Is the RIBA right to overhaul its Plan of Work?
Yes, says Dale Sinclair, it is no longer tailored to the way we work today; while Mark Newall says the general membership should have been consulted
Director of Dyer and editor of RIBA Plan of Work 2013
The RIBA Plan of Work is 50 years old. It has served us well but it is no longer tailored to the modern construction industry. The UK government has many initiatives under way relating to briefing, deliverables and project outcomes. If the RIBA fails to embrace and contribute to these initiatives, the RIBA Plan of Work will, simply, be replaced by other industry documents. Updating it is an opportunity for architects to provide leadership to the industry: we need a Plan appropriate to the information age.
The current Plan of Work was developed on the basis of a traditional procure-ment model; however, the RIBA’s consultation revealed that 40% of practitioners regularly use D&B forms. The time has come to recognise this. RIBA Plan of Work 2013 is a template that allows the creation of a more specific project or practice plan of work. The generic template
is procurement-neutral; the specific plans are procurement route-focused.
Technology has changed other sectors, and design professions will not be immune to similar change. That said, new technologies are already delivering excellent, more complex designs. Clients like what they see and they want more. We need to be advocates for better information: the right information delivered at the right time, integrated on the “drawing board” rather than on site. Bim can be harnessed to our advantage.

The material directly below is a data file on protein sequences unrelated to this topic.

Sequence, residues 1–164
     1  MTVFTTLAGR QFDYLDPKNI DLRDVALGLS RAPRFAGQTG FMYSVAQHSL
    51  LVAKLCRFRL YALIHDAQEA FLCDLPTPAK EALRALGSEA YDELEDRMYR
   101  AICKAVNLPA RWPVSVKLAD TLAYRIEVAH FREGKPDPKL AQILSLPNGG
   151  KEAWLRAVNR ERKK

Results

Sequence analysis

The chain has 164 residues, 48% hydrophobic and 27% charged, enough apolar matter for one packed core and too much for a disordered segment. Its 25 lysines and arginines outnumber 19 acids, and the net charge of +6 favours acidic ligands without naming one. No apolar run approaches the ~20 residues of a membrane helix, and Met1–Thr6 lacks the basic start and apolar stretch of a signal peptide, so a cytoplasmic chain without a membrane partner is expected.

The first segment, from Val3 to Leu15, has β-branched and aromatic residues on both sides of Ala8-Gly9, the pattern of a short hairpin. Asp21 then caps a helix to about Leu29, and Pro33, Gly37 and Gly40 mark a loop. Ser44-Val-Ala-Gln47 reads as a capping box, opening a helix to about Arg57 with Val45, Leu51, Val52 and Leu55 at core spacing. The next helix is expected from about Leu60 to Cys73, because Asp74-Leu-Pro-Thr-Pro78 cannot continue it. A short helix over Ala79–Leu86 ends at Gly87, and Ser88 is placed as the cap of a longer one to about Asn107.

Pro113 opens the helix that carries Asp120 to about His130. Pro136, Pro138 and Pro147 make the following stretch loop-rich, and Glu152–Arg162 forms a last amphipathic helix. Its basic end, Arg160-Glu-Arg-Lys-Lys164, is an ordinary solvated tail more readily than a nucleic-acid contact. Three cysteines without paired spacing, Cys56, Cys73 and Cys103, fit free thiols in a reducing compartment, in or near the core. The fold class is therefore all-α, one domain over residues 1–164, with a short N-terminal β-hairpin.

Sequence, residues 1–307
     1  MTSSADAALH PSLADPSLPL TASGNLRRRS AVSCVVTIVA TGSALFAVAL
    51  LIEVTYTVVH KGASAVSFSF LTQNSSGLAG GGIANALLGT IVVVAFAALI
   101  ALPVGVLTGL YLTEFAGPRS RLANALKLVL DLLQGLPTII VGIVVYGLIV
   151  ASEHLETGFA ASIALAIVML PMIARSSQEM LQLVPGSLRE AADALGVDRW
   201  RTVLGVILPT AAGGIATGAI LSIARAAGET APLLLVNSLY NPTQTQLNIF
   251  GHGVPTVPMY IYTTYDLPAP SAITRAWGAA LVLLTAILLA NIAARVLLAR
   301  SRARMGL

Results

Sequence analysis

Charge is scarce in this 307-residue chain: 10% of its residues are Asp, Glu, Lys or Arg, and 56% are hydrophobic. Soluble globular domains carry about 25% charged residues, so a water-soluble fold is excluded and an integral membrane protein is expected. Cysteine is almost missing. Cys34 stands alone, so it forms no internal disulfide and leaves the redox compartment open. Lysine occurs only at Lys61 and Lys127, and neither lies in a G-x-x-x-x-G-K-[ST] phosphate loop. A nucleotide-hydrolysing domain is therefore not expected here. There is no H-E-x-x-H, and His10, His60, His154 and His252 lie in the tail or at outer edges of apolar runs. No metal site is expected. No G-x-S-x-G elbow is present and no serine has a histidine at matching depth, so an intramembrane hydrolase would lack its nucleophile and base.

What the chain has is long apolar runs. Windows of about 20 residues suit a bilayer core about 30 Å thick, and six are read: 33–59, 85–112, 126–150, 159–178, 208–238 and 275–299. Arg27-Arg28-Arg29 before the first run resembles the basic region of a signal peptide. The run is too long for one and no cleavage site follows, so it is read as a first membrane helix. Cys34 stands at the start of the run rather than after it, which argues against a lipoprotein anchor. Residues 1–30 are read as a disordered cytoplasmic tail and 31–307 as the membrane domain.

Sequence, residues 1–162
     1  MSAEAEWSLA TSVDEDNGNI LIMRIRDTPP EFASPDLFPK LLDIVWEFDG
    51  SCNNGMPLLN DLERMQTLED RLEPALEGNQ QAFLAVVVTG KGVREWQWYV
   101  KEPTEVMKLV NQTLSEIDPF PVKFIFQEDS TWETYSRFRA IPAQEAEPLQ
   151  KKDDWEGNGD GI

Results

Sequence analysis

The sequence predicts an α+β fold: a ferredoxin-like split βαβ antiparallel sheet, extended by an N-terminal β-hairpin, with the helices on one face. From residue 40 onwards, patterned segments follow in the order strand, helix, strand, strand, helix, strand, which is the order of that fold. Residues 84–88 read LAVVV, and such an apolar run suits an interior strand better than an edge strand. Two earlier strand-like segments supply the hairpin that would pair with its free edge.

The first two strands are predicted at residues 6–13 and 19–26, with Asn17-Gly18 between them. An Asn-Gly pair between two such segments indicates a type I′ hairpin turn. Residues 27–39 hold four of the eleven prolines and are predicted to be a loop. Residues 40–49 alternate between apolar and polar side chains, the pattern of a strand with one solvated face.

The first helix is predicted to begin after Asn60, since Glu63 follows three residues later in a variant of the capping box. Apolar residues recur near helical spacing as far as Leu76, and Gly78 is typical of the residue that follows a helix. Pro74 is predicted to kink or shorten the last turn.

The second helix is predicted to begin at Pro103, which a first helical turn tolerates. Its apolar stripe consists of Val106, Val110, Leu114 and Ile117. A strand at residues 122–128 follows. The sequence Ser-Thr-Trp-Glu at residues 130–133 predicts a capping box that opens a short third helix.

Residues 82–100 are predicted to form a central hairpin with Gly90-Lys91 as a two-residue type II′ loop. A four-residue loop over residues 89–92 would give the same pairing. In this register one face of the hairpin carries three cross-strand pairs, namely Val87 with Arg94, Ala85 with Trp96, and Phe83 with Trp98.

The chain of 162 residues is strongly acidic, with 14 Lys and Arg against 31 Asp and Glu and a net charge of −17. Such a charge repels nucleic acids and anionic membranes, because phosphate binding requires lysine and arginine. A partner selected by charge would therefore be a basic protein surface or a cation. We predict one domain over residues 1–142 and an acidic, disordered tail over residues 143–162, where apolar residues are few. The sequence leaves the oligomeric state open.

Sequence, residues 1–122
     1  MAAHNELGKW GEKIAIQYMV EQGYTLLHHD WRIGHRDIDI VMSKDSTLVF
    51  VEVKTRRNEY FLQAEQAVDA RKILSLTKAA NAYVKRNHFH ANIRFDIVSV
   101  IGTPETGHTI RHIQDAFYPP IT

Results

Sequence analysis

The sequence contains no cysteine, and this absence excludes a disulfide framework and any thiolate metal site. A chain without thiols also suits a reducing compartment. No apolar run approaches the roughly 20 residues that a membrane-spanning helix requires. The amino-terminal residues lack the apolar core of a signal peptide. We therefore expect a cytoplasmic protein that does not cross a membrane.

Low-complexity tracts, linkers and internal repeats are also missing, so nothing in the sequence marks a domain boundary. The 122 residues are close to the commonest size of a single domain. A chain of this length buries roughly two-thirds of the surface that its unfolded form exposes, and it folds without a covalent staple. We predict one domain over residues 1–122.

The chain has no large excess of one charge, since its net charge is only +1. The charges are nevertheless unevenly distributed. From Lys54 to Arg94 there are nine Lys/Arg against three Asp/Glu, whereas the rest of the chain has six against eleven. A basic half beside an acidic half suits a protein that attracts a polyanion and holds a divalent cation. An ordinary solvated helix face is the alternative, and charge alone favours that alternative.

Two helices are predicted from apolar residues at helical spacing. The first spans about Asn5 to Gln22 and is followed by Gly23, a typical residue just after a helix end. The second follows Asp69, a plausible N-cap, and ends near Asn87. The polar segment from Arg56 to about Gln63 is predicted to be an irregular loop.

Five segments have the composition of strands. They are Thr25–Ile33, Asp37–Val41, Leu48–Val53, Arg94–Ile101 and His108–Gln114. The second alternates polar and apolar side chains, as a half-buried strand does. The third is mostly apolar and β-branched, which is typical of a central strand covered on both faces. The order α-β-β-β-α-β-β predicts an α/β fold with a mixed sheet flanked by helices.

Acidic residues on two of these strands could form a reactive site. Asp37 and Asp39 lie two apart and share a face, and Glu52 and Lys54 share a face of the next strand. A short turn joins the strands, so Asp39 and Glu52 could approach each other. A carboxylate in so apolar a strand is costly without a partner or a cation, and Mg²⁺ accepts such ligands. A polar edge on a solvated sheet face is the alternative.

RIBA Plan of Work 2013 is suitable for large or small projects and traditional or non-traditional procurement. It dovetails with forthcoming RIBA initiatives such as the Better Briefing: Better Buildings Guide. We simply cannot miss this opportunity.
Partner, Baart Harries Newall Architects
We are just waking up to the fact the RIBA is changing the Plan of Work, and are horrified by the proposals. I have Googled a consultation document that explains how the RIBA “has been consulting with a number of other RIBA expert member groups and a range of internal and external stakeholders”. How about consulting the general membership before taking such a radical step?
The document says the current work stages are well understood but have some weaknesses; why not update them to address these issues, without tearing them up? It is also said to be a disadvantage that the work stages have their origins in traditional procurement; 90% of our workload is constructed by traditional procurement.
Lastly, the old Stage D has been extended partly into Stage E. There is an industry-wide understanding that our earliest (and largest) stage payment is charged at completion of Stage D. This is right and proper, as the ability to imagine and design the project remains our unique skill. While the formal link with fee scales and stage payments was broken
in the 1990s, this is still widely recognised today. The abolition of Stage D would undermine this last vestigial linkage.
The work stages are embedded in our entire suite of document templates for client agreements, fee structure, cash flow, professional indemnity insurance and, worst of all, our QA Manual. As with the RIBA Form of Appointment, each successive revision complicates the document and erodes its utility.
We will continue to use SFA/99 and the work stages that are embedded in that document.
We have recently seen Arb rightly castigated for expanding their remit, but the RIBA is out there on its own — operating in complete isolation from its membership.